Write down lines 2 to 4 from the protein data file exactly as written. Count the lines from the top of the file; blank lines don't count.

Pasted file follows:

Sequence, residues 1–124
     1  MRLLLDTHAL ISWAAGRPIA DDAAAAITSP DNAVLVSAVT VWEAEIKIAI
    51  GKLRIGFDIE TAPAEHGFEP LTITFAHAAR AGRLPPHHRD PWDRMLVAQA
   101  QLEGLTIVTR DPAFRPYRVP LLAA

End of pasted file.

     1  MRLLLDTHAL ISWAAGRPIA DDAAAAITSP DNAVLVSAVT VWEAEIKIAI
    51  GKLRIGFDIE TAPAEHGFEP LTITFAHAAR AGRLPPHHRD PWDRMLVAQA
   101  QLEGLTIVTR DPAFRPYRVP LLAA